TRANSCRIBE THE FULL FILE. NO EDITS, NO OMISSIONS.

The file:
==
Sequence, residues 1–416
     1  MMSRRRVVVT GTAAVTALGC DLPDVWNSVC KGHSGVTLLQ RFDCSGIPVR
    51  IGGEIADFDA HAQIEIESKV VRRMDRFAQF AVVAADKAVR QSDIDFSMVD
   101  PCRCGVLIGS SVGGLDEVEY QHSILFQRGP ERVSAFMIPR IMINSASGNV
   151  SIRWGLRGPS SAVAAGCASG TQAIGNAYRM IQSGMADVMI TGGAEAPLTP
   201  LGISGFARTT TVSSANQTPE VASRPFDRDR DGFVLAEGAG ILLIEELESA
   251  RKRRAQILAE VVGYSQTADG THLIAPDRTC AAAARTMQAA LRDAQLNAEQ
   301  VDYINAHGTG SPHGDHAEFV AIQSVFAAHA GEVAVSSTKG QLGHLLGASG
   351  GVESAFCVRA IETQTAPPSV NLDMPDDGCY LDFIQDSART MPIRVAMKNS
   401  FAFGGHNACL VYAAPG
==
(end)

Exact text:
Sequence, residues 1–416
     1  MMSRRRVVVT GTAAVTALGC DLPDVWNSVC KGHSGVTLLQ RFDCSGIPVR
    51  IGGEIADFDA HAQIEIESKV VRRMDRFAQF AVVAADKAVR QSDIDFSMVD
   101  PCRCGVLIGS SVGGLDEVEY QHSILFQRGP ERVSAFMIPR IMINSASGNV
   151  SIRWGLRGPS SAVAAGCASG TQAIGNAYRM IQSGMADVMI TGGAEAPLTP
   201  LGISGFARTT TVSSANQTPE VASRPFDRDR DGFVLAEGAG ILLIEELESA
   251  RKRRAQILAE VVGYSQTADG THLIAPDRTC AAAARTMQAA LRDAQLNAEQ
   301  VDYINAHGTG SPHGDHAEFV AIQSVFAAHA GEVAVSSTKG QLGHLLGASG
   351  GVESAFCVRA IETQTAPPSV NLDMPDDGCY LDFIQDSART MPIRVAMKNS
   401  FAFGGHNACL VYAAPG